D&D 30 Day Challenge — Day 23
Least Favorite Monster Overall
Devils and demons. It’s not that I don’t like them; it’s just that they don’t make any sense.
There are lots of cool fiends in the game, with pedigrees going all the way back to the AD&D Monster Manual and the earliest days of Dragon magazine. Their mechanics are pretty much always cool. Their design is memorable, their art is always iconic. But where devils and demons break down for me is in the standard backstory of how these extraplanar fiends crave souls and long to destroy the mortal world in order to consume the living — and then somehow just don’t ever seem to get around to doing that.
I’m not a biologist or anything, but I’m at least passingly familiar with the notion that apex predators have lesser populations than the prey they feed upon, and that the number of apex predators is always limited by available prey. Monsters like dragons are typically always rare in an average campaign, because they implicitly obey the laws of predator selection, so that it’s easy to say within the context of a game world, “There are relatively few dragons because of competition between them for prey and territory.” And it’s easy to understand that this is a good thing, because if the numbers of dragons — or beholders or owlbears or behirs or what have you — suddenly doubled or tripled, it would spell disaster as they ate their way through existing natural food stocks, then eventually overwhelmed the humanoid world.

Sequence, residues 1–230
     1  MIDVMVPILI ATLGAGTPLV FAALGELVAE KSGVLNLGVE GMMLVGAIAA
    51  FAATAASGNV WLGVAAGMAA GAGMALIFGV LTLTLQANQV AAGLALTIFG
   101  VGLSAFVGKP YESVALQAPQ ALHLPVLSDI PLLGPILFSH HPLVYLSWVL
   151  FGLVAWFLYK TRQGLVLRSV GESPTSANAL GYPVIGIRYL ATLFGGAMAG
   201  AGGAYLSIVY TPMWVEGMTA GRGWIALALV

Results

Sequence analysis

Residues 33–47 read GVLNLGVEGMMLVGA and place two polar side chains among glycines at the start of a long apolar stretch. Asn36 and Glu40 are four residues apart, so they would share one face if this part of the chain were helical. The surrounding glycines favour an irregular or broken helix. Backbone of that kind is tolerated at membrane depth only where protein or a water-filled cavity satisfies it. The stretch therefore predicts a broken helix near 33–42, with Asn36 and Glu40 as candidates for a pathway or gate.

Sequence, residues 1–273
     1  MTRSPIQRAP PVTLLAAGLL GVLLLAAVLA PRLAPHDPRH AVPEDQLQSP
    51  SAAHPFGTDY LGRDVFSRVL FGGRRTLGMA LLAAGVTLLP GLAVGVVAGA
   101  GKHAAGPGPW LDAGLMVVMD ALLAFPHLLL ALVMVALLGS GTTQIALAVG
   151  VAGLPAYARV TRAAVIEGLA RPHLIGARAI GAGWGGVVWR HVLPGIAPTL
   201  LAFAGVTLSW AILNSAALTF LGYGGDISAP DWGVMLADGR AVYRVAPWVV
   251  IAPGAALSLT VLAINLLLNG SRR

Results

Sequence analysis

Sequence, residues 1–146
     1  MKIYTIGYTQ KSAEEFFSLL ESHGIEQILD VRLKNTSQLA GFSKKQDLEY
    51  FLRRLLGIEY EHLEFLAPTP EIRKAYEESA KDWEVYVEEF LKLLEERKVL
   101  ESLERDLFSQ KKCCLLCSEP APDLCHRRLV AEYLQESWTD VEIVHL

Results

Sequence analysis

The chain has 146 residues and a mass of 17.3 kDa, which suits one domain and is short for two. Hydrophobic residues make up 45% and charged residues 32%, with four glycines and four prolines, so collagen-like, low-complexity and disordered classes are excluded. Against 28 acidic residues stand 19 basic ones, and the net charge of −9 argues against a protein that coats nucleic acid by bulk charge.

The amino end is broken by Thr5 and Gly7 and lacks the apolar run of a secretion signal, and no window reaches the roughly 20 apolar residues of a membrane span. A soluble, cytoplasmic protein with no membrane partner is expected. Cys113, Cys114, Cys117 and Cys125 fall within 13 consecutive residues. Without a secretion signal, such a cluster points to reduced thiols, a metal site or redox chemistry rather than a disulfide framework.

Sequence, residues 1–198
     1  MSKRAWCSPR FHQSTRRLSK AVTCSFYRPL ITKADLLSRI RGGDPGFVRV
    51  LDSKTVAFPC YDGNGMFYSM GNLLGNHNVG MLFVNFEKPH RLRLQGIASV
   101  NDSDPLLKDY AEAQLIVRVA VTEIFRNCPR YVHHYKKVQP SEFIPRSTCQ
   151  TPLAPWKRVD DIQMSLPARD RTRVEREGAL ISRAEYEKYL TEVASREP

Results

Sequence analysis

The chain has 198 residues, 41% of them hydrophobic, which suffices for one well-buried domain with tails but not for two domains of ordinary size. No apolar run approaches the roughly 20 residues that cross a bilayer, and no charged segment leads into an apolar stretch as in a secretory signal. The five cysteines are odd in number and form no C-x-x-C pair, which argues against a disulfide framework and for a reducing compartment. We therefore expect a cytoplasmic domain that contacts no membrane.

The thing with devils and demons is that they have no such limits on their population. And they have a mission statement that specifically involves overwhelming the humanoid world. And so they’re always, like, “We long to destroy you all!”, and I’m always, like, “Fine; what’s stopping you?” And then they’re, like, “Oh, well, today’s pretty full up. Lot of stuff going on. Blood War and such, you know. So out of the tens of millions of ravening, bloodthirsty, damage-and-magic-resistant shock troops at our disposal, we’ll just send in a half-dozen or so to give this particular group of heroes a bad time. Take that! Nyahh!”
Imagine an imaginary D&D campaign (I know that’s doubly redundant; just work with me) in which I get to play all the devils and demons in the Nine Hells and the Abyss, and you get to play all the people, creatures, and heroes in Greyhawk, or Faerûn, or wherever. I win that campaign every time. In, like, fifteen minutes. So it’s not that I don’t like playing with devils and demons; I just don’t like that unless a DM takes specific measures to limit their numbers and explain why their presence in the world is even more limited (as I do in my own campaign), every devil and demon encounter comes with an obligatory suspension of disbelief that goes over and above the normal levels of suspension of disbelief that are part of the game.